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|Title:||Multi-sensor satellite remote sensing of volcanic regions||Authors:||Way, Lin||Keywords:||Science::Geology::Volcanoes and earthquakes||Issue Date:||2021||Publisher:||Nanyang Technological University||Source:||Way, L. (2021). Multi-sensor satellite remote sensing of volcanic regions. Final Year Project (FYP), Nanyang Technological University, Singapore. https://hdl.handle.net/10356/148296||Abstract:||Volcano monitoring is important for understanding the current activity level and potential for eruption. While ground-based monitoring is still necessary for temporally dense monitoring, satellite data is increasingly used for monitoring regional volcanic activity and processes due to its wider spatial footprint and coverage over remote volcanoes (Pritchard et al., in press). Satellite-based techniques have been used to monitor deformation, thermal features, gas emissions and ash emissions. In this study, we focus on satellite detections of thermal anomalies (Part I) and deformation (Part II). Numerous studies have made use of thermal observations from satellite data to analyse a range of volcanic features including lava flows and fumarole fields (Pyle et al., 2013). In comparison to conventional point-based deformation measurements, advancements in Interferometric Synthetic Aperture Radar (InSAR) techniques provide spatially dense surface deformation data which can be used to model and gain insights into underlying volcanic or tectonic processes (Pyle et al., 2013). Each type of volcanic monitoring has different temporal and spatial resolutions as well as thresholds for detection (Furtney et al., 2018). Together with the fact that not all volcanoes show all types of activity at the same time, this suggests a need for integration between multiple datasets and sensors. While thermal observations from infrared measurements by MODIS (Moderate Resolution Imaging Spectroradiometer) can be acquired up to four times a day at 1 km/pixel, ASTER (Advanced Spaceborne Thermal Emission and Reflection Radiometer) has a longer repeat interval of at least 16 days but with higher spatial resolution (90 m/pixel). Data from MODIS and ASTER are complementary and can reveal volcanic processes that occur over different time and spatial scales. In this report, we use two different types of satellite data in two separate geographic areas to address the following research questions: 1. What proportion of Indonesian volcanoes have satellite detectable thermal anomalies, as compared to volcanoes located in other volcano-rich countries such as the United States? (Part I) 2. What is the nature of volcano-tectonic interactions around Sabancaya volcano in Peru? (Part II) We show that there is potential in using higher resolution thermal infrared data to identify and track changes in volcanic thermal features at potentially active volcanoes, and higher coherence InSAR data can reveal more detailed surface deformation and lead to fault source models that are more representative of the regional tectonics.||URI:||https://hdl.handle.net/10356/148296||Fulltext Permission:||restricted||Fulltext Availability:||With Fulltext|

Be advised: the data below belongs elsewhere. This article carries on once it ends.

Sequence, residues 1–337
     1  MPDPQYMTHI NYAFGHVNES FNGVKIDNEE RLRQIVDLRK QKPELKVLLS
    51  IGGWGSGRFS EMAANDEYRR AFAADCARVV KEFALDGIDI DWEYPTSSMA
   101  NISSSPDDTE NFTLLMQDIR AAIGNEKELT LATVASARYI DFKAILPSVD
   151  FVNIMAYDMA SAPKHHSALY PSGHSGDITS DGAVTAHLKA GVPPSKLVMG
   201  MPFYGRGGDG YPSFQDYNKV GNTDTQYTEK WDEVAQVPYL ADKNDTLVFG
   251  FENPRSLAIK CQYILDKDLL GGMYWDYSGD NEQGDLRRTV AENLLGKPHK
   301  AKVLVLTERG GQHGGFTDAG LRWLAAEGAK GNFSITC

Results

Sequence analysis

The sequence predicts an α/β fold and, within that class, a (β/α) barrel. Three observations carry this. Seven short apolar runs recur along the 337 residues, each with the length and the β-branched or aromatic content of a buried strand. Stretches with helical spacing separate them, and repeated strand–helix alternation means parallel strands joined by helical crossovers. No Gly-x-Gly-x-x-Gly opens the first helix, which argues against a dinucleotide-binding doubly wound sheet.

|Appears in Collections:||ASE Student Reports (FYP/IA/PA/PI)|
Updated on Oct 27, 2021
Updated on Oct 27, 2021
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